The way it will sneak in there and change you.
In just a couple of years, my beliefs and my values have changed so freaking much
that I don't always feel like I am the same person.
I know things now, that I never dreamed could be happening.
And it makes things like paying $5 for a mocha
or worrying about where I buy my clothes seem really REALLY wrong.
It makes the years I spent acting and wanting with every little fiber of my being 
to tread the boards at the Stratford Festival
seem very inconsequential.
That was a hard pill to swallow, let me tell you.
And it has made me think of family, and what constitutes a family, very very differently.

The range of reactions I've received to the knowledge that I am adopting have been varied 
to say the least.
I had a mom at the studio hand me a little pattern book and ask me to pick my favourite one
so that she can stitch it up for LB as her gift to us.
(Come on! How awesome is that?)
And then I hear of a mom at the studio who was "completely offended" that I would try and sell 
my fundraiser tshirts at the studio.
Offended?  Wow.  The seems really harsh.
There are plenty of offensive things in the world, 
but raising money to bring an orphan into a family is not something I would necessarily call offensive.
Maybe its just me.
I have received donations from people I barely know
and then had a co worker at the lodge say to me, 
"I don't understand why you'd be fundraising.  Shouldn't they make sure you have enough money 
to adopt before you start the process?"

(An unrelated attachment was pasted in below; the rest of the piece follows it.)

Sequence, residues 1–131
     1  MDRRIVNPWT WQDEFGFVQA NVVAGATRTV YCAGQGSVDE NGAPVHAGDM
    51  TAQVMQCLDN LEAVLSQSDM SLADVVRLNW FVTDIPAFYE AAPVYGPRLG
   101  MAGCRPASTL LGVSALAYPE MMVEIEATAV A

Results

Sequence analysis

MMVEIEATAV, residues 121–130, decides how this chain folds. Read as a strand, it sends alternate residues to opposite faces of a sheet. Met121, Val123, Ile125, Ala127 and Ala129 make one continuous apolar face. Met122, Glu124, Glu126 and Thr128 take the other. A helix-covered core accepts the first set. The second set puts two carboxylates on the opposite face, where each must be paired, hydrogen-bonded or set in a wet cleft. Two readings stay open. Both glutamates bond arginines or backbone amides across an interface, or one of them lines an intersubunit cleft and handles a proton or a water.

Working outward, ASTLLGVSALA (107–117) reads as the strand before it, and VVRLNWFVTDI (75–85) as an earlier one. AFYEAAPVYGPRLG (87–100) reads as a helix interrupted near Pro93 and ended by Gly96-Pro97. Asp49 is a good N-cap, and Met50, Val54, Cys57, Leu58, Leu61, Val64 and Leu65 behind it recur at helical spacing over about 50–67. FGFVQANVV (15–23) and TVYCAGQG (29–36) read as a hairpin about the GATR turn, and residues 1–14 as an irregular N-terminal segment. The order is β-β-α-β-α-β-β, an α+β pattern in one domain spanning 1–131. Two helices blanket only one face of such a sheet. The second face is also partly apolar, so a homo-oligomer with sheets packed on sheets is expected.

(that was a fun one to respond to.  Sheesh)
I had an 8 yr old student hand me a wrinkled little envelope with $2.86 in it to 
"help bring home my baby"
(Melt my heart)
and I have family that have never even bothered to ask how the process is going.

And I get it, or rather, I am trying to get it.
I understand that my priorities may not be your priorities
and that what I see as a ridiculous expense, you see as a necessity.
And vice versa.
I question your desire to own an expensive car 
and you question my desire to spend thousands of dollars to bring a child over from Russia 
when I could 'just make one myself'.

Where am I going with all of this mumbo jumbo?
Not really sure.
Truthfully, I don't think I even have a point.
(Isn't that gloriously anti-climactic?)

I believe she does in fact have a point. Perhaps several of them. Let me elaborate on one.
People who are adopting have experienced an 'awakening'. The plight of the orphan has been placed into our hearts. When you have this knowledge, you can no longer turn a blind eye to the suffering of millions of children around the world. We become dedicated and passionately driven to change the situation, even if for just one child. I cannot explain enough how this consumes our every waken moment. 

Please humor me for a moment while I try to explain to you how this feels. 

I recall the 'aha' moment when I first opened my eyes to the orphan crisis. It was when I acknowledged that these children... the ones orphaned, abandoned, struggling to stay alive, could very easily have been my own children. We are lucky to be born in the Western world, but the tables very easily could have been turned. These are children. Children, just as precious as yours or mine. 

I cannot fathom the thought that my 9 year old would ever feel hunger so deeply that she sells her young, innocent 9 yr old body for a piece of stale bread. 

It makes me sick to think of my son going to bed not just hungry, but scared and alone with no one to tuck him in at night and assure him that everything will be okay.